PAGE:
Thing 1's trumpet teacher suggested that he watch the video below, of trumpter Rafael Mendez. It's all about precision and control, and it's pretty amazing--it closes with Mendez playing the Mexican Hat Dance on a single breath.
Being the person I am (He Who Broods On Larger Implications), it has gotten me thinking about this idea of excellence, and what place it has in our culture anymore.
In the education field, of course, we've completely given up on the idea of excellence. For most teachers in most districts, even the goal of proficiency is ludicrously pie-in-the-sky, leading teachers and administrators do things like cancel everything but math and English and drill those subjects till test day. And still the students can't pass.
One of the reasons for this downward slide is a lack of rigor--a refusal to demand, and teach to, excellence (in our teachers as much as in our students). I've been in schools--across the country--and seen error-strewn student work posted on bulletin boards. Some of the work was corrected; most was not. Some of it was graded; most was not. What, exactly, made it worthy of display and celebration? What values do we teach our students when merely completing something makes it worthy of applause?
Are things any better in the arts--the world I more or less left behind in order to be a Responsible Parent? I would have to say Hell No.
What does excellence mean in popular music these days? Is there an agreed-upon definition? There are tastes, of course--everyone has tastes and preferences. But I'm talking about recognition of skill that transcends preference. You can hate jazz, classical music, or the trumpet, and still have to acknowledge that Mendez is a master. It's clear what Good is, and what Great is, completely apart from personal preference.
But virtuosity as an instrumentalist is old-fashioned and, it seems, entirely beside the point these days. It still matters in classical music and in jazz, of course, but who really cares about those anymore? Weirdos. Fringe-dwellers. It's not Mainstream. In the Mainstream, everything is synthesized and pre-programmed, and even when real instruments are involved, not much is asked of them. I mean, we aren't exactly hearing new Jimi Hendrixes out there, are we? It's just not part of the conversation.
What about singing? Yeah, what about it? Doesn't virtuosity in singing have anything to do with public approval or popularity? I mean, come on--it's singing. We must care whether or not it's good.
Well....must we? Did we love Madonna because of her pipes? Is Brittney our latest tragic heroine because of the pure vocal skill that she's throwing away?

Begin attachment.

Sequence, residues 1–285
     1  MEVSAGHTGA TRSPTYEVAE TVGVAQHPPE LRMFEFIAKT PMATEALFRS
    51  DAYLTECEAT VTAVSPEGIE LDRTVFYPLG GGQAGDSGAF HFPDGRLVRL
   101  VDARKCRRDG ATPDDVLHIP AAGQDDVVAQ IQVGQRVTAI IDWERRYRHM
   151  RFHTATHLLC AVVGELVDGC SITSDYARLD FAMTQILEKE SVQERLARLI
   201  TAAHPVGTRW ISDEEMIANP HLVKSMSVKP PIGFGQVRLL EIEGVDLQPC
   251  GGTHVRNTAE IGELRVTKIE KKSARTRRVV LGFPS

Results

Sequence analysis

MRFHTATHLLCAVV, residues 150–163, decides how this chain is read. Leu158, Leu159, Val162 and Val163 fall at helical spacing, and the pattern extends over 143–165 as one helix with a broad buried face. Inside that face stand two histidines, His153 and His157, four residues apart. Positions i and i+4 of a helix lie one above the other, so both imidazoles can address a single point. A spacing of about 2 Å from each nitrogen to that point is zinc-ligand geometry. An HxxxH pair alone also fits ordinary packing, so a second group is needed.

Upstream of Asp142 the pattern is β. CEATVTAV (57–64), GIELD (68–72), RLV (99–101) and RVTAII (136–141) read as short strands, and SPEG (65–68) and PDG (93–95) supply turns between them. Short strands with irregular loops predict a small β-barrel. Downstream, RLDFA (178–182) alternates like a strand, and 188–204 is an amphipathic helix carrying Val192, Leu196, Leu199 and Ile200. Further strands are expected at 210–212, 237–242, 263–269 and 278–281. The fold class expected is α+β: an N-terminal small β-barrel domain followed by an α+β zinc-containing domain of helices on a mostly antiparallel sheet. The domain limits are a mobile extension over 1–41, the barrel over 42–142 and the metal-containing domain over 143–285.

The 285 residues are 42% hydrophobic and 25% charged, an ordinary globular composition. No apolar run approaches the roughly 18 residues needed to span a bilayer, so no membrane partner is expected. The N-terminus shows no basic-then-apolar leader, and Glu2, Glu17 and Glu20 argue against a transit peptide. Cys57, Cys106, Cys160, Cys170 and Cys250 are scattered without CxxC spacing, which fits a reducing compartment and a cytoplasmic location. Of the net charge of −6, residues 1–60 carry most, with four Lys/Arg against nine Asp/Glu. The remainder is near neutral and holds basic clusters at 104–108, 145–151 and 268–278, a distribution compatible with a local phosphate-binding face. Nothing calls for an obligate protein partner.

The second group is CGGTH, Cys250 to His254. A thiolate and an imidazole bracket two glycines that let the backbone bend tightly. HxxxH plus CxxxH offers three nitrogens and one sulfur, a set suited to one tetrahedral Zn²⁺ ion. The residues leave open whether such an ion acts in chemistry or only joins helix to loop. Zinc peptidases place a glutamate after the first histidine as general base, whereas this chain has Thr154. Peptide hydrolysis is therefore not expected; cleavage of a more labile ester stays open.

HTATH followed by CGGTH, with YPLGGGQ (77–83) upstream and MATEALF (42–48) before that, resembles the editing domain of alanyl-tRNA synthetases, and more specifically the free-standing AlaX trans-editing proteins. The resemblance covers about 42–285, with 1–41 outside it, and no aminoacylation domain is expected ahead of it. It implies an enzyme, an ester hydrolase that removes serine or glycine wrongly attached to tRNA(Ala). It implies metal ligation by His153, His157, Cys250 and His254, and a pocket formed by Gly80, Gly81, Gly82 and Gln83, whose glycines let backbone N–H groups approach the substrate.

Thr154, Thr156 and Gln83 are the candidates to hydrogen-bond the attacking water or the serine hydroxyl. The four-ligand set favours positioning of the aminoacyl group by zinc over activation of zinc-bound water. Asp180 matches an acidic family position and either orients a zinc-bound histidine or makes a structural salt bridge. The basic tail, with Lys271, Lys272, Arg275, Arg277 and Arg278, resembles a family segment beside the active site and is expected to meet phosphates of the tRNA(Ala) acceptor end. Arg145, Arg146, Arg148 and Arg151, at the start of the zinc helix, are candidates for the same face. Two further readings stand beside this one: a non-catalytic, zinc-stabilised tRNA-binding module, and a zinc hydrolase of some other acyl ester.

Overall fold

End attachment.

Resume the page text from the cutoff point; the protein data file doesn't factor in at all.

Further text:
Listen, there are certainly things we like and hate, and want and don't want in our musical artists--but musical skill is not one of them. It's not that we hate it. It's just not relevant. It's not the point of the exercise. Maybe it's because the larger show has overtaken the musical performance. If Brittney can dance, we consider her a good singer, somehow.
How about in the visual arts? I'm no expert, but it seems to me that what is desired and applauded these days is conceptual daring rather than virtuosic or even skillful execution. I'm not sure what excellence would even mean these days. If Damien Hirst is a great artist for displaying a dead shark in a tank of formaldehyde, what does execution even mean? A clean tank? He's famous because he proposes and executes daring and provocative ideas. But the execution requires no particular skill or craft--nothing that requires years of training and practice and honing of ability.
It seems to me that, in all these fields, the idea of working and sweating to develop and hone one's skill and technique is just...not that important.
Rigor and excellence are still demanded in the world of athletics, though I'm sure the prevalance of steroids and the lifting up to glory of Barry Bonds will work to make a hash of that sooner or later. But for the moment, at least, it's one area where we do care about not just raw ability, but the training and shaping of that ability to the point of excellence--to the point of transcendance above what ordinary people can do.
And listen, obviously there are exceptions to all of this. We do celebrate and hold in awe certain performers who rise above the rabble out of sheer skill. But we also, sometimes, resent them for it, and think of them as being elitist and Not Like Us....which was supposed to be the whole point.
Is it that outrageous and impractical and unrealistic to desire a culture in which we raise our children to at least aspire to excellence in all things--to train their minds and their bodies--their spirits and their appetities--their physical and aesthetic desires--to seek out and work towards the best that the world has to offer, and that they can offer the world?
Yeah, you're right. My bad.